If you’re looking for a brand who has put thought into every aspect of their business, look no further! The tag on each item of clothing is filled with seasonal seeds. This means you can cut off the tag and grow a different plant with every tag you get. All you need to do is put the tag in some soil, sprinkle it with a drop of water and watch your very own plant grow. Talk about going the extra mile!

Putting diversity first

The models show the diversity of the brand

Within recent years, consumers have not been reserved in calling brands out for not including diversity within their marketing campaigns, as well as holding fashion brands accountable for not featuring models of different sizes on their websites. While we can acknowledge that brands have been showing more diversity within their campaigns, there is still work to be done. In 2020, inclusive marketing is an obvious choice to reflect real people and remove the unrealistic ideals put forward by “perfect” models. This is not an issue for those browsing the Tala website, as women of all shapes and sizes are featured. The diversity is carried through throughout the brands marketing and is sure to attract the attention of a diverse range of women.

While this brand is certainly one of the first paving the way for inclusive, sustainable, and ethical approaches to creating and marketing clothing; hopefully, it won’t be the last!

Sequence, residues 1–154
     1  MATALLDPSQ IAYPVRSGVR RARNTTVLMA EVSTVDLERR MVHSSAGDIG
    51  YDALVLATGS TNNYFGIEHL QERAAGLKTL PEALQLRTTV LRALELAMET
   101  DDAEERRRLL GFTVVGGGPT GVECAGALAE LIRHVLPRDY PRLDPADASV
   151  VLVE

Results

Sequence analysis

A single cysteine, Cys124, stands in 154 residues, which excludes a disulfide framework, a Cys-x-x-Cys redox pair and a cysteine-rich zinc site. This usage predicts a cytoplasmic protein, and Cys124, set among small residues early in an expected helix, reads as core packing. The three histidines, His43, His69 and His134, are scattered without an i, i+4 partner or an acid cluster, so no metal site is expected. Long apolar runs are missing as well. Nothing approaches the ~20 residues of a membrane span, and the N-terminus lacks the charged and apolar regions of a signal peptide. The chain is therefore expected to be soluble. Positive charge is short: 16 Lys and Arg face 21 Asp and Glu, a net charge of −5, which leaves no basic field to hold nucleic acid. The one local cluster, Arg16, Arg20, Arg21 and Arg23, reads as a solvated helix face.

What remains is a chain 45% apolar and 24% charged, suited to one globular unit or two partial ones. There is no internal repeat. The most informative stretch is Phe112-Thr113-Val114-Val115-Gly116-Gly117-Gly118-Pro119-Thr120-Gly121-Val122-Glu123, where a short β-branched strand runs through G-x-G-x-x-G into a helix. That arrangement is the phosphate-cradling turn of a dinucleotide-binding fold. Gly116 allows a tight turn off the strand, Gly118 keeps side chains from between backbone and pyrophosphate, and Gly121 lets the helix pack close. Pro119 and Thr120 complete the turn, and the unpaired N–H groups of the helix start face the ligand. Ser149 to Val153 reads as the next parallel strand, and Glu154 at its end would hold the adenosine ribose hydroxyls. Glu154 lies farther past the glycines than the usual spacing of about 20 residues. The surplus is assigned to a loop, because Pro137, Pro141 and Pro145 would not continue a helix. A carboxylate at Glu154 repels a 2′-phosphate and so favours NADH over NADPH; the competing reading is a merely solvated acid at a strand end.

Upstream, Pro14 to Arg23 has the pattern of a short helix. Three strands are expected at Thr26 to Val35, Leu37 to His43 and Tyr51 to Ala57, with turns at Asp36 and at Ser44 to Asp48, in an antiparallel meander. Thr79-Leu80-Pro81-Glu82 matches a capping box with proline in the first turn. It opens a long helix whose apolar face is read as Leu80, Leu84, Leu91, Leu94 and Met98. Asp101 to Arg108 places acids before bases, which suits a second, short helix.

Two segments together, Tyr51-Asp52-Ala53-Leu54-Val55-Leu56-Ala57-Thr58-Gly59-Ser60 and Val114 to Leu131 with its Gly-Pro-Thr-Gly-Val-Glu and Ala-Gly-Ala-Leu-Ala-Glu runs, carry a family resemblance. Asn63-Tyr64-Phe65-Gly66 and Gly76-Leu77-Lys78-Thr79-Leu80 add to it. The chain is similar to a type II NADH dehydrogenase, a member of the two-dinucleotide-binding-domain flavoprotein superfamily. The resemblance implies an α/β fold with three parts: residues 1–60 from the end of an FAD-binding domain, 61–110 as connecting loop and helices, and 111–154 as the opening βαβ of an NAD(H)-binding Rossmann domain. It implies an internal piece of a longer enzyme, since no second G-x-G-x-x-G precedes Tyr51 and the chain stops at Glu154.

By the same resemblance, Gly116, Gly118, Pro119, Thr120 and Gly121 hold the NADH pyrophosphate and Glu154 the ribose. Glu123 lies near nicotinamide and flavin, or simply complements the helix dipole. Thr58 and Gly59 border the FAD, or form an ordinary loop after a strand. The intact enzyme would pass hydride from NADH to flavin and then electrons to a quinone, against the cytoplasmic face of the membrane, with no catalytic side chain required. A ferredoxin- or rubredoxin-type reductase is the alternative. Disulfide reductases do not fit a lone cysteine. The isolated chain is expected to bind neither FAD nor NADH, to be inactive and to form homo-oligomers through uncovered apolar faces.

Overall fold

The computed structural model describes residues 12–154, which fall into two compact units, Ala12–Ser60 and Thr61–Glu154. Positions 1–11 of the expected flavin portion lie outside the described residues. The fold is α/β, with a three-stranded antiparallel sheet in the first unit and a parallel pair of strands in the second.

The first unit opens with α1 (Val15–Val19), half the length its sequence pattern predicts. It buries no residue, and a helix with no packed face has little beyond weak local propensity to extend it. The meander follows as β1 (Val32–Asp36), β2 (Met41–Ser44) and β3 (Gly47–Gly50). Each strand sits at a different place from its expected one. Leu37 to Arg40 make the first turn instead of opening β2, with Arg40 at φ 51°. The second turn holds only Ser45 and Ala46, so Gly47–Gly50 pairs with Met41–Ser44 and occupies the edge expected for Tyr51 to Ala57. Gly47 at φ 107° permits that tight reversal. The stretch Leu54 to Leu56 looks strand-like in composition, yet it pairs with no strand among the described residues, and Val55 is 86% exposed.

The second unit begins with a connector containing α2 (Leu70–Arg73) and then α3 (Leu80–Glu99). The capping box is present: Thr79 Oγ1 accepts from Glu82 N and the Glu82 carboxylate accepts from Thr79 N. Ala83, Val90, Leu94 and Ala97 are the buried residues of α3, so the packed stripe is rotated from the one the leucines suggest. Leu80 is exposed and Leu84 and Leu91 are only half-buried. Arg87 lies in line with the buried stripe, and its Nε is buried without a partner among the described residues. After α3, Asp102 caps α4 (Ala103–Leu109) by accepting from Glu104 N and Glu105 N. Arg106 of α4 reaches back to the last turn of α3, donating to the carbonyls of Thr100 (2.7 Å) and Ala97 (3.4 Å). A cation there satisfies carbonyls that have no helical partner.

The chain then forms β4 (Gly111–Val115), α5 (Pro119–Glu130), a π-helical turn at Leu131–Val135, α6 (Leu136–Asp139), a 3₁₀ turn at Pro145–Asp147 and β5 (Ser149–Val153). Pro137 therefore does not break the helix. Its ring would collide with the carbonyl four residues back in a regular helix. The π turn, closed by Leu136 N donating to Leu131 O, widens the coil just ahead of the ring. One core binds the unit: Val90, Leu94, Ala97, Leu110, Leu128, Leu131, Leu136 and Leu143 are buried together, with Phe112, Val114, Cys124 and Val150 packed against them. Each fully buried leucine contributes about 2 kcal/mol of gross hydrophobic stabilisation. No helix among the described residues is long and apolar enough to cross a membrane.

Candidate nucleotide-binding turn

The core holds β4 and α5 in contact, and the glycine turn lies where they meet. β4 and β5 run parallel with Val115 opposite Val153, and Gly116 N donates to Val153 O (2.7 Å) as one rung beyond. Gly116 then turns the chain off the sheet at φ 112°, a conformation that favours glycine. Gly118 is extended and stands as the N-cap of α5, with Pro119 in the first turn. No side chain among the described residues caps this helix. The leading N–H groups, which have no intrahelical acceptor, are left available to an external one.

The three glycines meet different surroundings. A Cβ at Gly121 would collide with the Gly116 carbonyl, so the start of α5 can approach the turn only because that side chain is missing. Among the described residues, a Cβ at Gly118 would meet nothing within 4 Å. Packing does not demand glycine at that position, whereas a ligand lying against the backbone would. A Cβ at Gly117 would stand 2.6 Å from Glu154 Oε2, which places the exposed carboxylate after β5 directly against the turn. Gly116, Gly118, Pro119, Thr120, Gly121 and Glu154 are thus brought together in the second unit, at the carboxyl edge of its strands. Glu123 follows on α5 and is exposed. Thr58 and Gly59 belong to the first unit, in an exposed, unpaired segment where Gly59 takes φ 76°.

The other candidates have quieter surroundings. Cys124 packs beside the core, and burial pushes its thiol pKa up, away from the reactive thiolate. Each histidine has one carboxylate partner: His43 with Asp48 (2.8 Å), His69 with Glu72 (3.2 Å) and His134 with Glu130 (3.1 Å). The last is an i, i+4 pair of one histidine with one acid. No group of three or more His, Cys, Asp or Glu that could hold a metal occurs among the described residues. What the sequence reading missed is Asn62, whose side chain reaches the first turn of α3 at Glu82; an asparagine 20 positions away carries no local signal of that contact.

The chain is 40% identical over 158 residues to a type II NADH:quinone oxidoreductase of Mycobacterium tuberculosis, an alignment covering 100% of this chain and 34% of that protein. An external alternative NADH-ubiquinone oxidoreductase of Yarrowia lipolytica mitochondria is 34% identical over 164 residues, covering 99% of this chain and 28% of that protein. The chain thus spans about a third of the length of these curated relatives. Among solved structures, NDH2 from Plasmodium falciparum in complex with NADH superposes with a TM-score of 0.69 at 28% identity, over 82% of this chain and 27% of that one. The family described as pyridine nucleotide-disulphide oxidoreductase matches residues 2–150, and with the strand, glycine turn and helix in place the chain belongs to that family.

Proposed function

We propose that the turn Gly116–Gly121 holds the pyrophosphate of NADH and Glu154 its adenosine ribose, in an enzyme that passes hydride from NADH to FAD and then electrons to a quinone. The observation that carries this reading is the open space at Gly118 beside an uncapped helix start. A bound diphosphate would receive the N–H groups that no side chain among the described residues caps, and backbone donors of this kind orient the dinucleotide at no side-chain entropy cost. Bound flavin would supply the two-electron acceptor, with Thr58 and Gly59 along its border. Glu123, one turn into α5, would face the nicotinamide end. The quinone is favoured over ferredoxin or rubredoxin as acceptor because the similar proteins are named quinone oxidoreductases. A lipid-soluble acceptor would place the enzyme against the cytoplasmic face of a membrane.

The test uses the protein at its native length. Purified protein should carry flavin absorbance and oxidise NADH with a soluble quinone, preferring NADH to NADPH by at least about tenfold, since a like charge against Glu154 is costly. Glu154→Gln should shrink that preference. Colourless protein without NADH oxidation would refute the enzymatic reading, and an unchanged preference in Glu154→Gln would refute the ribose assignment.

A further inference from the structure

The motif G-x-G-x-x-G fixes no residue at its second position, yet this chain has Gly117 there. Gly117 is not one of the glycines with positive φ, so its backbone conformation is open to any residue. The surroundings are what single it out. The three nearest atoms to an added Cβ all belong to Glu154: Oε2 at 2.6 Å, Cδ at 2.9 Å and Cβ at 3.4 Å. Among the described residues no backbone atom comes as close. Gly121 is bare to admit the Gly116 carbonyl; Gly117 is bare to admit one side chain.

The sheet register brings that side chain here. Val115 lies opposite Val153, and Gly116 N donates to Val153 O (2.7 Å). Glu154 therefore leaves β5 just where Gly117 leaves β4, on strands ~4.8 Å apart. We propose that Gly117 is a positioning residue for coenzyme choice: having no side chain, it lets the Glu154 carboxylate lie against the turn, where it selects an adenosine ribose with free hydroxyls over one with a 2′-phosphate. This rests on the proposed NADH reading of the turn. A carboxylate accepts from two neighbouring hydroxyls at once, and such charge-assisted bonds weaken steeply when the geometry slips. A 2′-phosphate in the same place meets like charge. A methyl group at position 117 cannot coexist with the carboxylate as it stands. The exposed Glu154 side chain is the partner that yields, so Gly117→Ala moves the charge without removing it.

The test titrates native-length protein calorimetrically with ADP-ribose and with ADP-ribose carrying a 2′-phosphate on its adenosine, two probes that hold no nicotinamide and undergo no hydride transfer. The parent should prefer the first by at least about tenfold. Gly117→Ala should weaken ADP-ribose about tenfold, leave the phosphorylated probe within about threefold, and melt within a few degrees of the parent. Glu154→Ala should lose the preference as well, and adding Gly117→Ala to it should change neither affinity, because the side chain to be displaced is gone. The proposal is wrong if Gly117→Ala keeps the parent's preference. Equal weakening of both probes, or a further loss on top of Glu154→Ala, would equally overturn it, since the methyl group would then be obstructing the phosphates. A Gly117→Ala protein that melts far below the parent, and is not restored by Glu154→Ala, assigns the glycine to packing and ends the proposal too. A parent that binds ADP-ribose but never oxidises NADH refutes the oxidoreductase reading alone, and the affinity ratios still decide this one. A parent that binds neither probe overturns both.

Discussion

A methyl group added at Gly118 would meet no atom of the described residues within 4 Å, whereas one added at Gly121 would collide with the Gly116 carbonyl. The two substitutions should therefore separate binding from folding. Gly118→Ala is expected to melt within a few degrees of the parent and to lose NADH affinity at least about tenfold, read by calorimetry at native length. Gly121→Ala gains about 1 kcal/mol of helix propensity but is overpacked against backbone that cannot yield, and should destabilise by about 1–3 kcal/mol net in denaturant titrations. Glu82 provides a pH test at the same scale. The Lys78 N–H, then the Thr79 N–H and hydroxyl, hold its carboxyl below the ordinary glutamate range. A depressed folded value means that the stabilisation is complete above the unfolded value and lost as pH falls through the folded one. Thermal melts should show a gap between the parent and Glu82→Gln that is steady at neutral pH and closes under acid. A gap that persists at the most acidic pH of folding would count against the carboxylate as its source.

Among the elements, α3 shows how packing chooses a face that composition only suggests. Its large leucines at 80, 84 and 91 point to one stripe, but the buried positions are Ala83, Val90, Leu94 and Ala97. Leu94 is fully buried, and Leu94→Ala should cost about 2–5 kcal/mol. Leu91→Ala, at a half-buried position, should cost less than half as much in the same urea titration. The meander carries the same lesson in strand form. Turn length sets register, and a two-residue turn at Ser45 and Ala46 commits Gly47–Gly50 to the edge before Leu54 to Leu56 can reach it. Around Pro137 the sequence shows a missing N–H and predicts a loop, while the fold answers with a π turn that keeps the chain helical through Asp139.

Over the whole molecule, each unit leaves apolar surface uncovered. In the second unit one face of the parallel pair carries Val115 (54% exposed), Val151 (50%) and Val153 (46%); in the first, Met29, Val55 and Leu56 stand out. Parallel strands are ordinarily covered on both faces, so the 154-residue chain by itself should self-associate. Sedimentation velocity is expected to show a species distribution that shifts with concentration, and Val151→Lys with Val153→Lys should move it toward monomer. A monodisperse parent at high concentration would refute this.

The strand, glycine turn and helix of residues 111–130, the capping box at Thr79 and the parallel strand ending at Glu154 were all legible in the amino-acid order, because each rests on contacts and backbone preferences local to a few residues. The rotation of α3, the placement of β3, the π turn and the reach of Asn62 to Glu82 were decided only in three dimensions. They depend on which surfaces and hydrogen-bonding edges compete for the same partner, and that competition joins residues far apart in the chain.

Cheyenne Doyle is a final year BSc Communication Management and Public Relations student at Ulster University. She can be found on Linkedin and Twitter

Supermarkets lead the way for a Zero-Waste future

Supermarkets lead the way for a Zero-Waste future

It is estimated that five million tonnes of plastic is used every year in the UK, nearly half of which is used in packaging. Plastic waste often does not decompose and can last centuries in landfill or in the natural environment, which in turn can pollute rivers and oceans, soils and harm the creatures that inhabit them. Most families throw away an estimated 40kg of plastic per year, which could otherwise be recycled. However, is recycling huge amounts of plastic the answer to saving our planet?

The UK Government had a strategic ambition to “…work towards all plastic packaging placed on the market being recyclable, reusable and compostable by 2025”. In Particular, they have an “ambition” of zero avoidable waste by 2050 and a “target” of eliminating avoidable plastic waste by the end of 2042.  Best get moving then.

Could there be an easier way to incorporate reducing plastic waste into our daily lives?

The latest innovation to our high streets are refill stations or dedicated refill stores. The concept behind this idea is to reduce waste and encourage reuse of plastic or glass containers to prolong their use and eliminate single use plastics.

The Co-operative

The latest supermarket to trial this concept is the Co-Operative. On 19th November 2020, The Co-op opened a brand new £3m eco-friendly concept store in Lichfield, near Birmingham. The Central England Co-op store features free water refills, eco-friendly fridges that reduce carbon footprint by 60%, and a zero-waste refill hub. The Zero-waste refill hub that is featured, will see them work with wholesale and DTC business Suma in a concept known as the Refillery.